Cyber Insurance: Common Pitfalls of the Insured

Insurance Application Risk Management Safety ConceptAs we have noted in a number of recent posts, tech companies need cyber insurance. The risk of not having it is simply not worth it.  But cyber insurance policies can be confusing to understand because the policies vary depending on your type of business, business needs, and how your customers are serviced. Some companies might need a combination of cyber policies in order to have complete cyber insurance coverage. It is very important to do your due diligence, think critically about the cyber insurance needs of your company, and find a policy that covers all of your company’s cyber risk.

Companies must pay attention to the details of the cyber insurance policy and be both clear and accurate about the representations they are making in the application for coverage. The insurance industry makes money by collecting premiums and minimizing claims. This creates a natural tension between the policyholder and carrier.  When a company makes a claim, it would like to get the benefit of the bargain it made with the insurer. That benefit is for the insurer to pay for the claim. The insurer agrees to pay, as long as the claimant has met all of its obligations under the policy.

In certain cases, coverage can be denied where a policyholder fails to meet all of its policy obligations.  Say, for example, you’re the policyholder.  You suffer a data breach, resulting in a class action lawsuit seeking millions of dollars in damages. You make a claim under the cyber insurance coverage.  But your carrier discovers that you didn’t follow all of the data security protocols you represented that you follow in your application for coverage. Your carrier takes the position, based on your data security failures, that your representations about your data security in your application were false when they were made, and it denies coverage.  Before you know it, you’re in litigation not only with a class of data subjects, but with your insurance carrier as well.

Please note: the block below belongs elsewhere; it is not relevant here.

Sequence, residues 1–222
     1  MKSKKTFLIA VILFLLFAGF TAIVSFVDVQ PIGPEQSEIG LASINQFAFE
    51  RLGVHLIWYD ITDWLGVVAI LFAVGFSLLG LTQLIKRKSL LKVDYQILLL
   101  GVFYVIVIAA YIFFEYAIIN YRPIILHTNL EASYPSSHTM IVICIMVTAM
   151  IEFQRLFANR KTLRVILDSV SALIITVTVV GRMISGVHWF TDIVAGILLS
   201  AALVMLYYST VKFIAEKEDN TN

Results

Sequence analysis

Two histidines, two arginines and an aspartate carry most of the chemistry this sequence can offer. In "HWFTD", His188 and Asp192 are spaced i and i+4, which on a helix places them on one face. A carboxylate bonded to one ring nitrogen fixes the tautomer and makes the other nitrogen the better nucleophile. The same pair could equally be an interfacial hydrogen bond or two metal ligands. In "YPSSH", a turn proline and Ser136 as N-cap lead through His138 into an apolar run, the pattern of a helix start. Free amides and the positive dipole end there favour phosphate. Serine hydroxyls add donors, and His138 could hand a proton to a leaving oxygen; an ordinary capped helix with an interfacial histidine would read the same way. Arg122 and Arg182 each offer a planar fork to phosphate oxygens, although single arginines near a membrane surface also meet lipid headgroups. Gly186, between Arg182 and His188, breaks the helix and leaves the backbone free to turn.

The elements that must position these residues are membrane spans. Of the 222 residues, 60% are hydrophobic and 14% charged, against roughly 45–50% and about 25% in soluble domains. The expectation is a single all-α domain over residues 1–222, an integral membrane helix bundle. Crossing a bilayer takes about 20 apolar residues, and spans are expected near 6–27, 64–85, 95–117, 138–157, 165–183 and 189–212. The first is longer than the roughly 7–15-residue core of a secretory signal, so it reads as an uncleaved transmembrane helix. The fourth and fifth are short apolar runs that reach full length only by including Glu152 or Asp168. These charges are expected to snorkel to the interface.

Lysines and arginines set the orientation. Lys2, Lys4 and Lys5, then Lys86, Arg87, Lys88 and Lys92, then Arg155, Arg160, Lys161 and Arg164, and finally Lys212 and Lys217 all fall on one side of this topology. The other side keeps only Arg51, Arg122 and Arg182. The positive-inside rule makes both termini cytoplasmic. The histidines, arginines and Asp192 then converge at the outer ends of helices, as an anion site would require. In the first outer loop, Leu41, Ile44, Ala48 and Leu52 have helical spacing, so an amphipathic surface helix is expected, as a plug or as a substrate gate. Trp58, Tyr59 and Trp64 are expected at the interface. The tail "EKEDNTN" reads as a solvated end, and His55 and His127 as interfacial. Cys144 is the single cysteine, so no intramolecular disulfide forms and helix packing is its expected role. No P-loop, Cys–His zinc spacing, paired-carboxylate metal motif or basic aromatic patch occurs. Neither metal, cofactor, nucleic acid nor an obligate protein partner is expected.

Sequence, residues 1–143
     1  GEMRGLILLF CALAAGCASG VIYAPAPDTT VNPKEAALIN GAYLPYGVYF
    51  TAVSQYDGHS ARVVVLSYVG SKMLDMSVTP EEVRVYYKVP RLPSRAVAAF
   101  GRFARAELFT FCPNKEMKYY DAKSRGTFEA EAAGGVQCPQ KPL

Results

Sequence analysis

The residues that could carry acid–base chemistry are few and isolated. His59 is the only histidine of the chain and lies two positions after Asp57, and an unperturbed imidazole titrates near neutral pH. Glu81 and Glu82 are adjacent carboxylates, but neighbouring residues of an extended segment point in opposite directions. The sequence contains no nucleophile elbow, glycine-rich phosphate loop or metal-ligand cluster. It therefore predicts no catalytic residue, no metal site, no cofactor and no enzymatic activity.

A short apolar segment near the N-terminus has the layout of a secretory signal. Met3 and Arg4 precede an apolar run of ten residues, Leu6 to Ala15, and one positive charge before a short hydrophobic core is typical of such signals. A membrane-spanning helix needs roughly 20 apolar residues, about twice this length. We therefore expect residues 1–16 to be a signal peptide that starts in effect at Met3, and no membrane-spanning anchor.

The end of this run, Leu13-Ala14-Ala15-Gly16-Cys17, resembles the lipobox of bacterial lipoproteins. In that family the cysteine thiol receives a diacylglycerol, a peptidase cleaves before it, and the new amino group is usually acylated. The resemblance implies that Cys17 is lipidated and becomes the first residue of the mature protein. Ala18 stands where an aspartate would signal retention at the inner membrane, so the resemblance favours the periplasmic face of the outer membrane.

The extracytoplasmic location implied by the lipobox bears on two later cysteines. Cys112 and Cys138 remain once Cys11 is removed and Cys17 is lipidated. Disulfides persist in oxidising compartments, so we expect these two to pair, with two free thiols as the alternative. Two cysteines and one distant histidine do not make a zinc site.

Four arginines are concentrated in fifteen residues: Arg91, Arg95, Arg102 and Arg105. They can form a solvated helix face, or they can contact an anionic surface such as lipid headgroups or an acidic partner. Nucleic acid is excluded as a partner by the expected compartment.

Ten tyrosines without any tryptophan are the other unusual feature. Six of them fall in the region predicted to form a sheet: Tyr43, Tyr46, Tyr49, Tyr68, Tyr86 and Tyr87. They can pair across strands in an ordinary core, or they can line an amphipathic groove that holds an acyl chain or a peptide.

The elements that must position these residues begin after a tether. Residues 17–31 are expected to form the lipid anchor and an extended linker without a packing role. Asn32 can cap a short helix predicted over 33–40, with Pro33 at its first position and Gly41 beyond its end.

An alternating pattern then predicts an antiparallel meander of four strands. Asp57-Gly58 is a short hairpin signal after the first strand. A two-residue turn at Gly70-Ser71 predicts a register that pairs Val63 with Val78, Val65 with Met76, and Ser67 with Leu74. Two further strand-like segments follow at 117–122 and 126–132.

There are a few take-home lessons here. First, make sure that the cyber insurance application is vetted by the experts in the business to validate its accuracy and completeness.  A cyber insurance application is not the place to puff, overstate, or otherwise be aspirational or not quite accurate.  Second, assuming the application was correct when it was submitted, it must continue to be correct, and if there is a material change, you should notify your carrier. Once a company receives coverage based on a set of representations about ongoing data security practices, those representations must continue to remain true.  Third, make sure you know what the policy covers and excludes. Insurance policies are not easy to read and understand, so this is an important piece of work.

Cyber coverage is absolutely worth it.  Hopefully you never need to use it.  However, in the event that you do need it, make sure you do the right work on the front end to enhance your likelihood of having a claim successfully processed.

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